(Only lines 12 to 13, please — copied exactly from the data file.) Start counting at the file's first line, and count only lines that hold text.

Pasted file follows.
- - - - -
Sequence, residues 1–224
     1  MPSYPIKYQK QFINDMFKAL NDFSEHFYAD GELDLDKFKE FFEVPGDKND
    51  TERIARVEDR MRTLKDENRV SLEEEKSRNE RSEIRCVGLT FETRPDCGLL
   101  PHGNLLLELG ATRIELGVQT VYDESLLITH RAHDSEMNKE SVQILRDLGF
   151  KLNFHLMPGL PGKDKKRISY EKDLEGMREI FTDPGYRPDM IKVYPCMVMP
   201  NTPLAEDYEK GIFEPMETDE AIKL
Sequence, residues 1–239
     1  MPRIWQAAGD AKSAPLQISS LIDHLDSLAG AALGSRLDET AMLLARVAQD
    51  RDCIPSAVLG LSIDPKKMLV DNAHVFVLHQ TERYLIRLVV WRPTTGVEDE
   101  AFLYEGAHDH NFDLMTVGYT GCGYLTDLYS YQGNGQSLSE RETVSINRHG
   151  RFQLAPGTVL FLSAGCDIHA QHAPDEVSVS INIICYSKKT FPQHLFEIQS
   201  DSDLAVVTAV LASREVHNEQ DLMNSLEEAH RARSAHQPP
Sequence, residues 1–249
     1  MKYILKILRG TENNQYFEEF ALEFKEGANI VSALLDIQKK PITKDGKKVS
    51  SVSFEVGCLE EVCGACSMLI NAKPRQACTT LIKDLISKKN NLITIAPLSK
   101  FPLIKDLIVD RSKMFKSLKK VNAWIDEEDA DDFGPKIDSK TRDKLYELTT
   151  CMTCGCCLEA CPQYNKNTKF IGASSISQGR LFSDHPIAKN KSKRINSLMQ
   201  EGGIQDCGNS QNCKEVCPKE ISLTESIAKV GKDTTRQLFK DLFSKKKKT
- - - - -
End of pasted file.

   201  DSDLAVVTAV LASREVHNEQ DLMNSLEEAH RARSAHQPP
Sequence, residues 1–249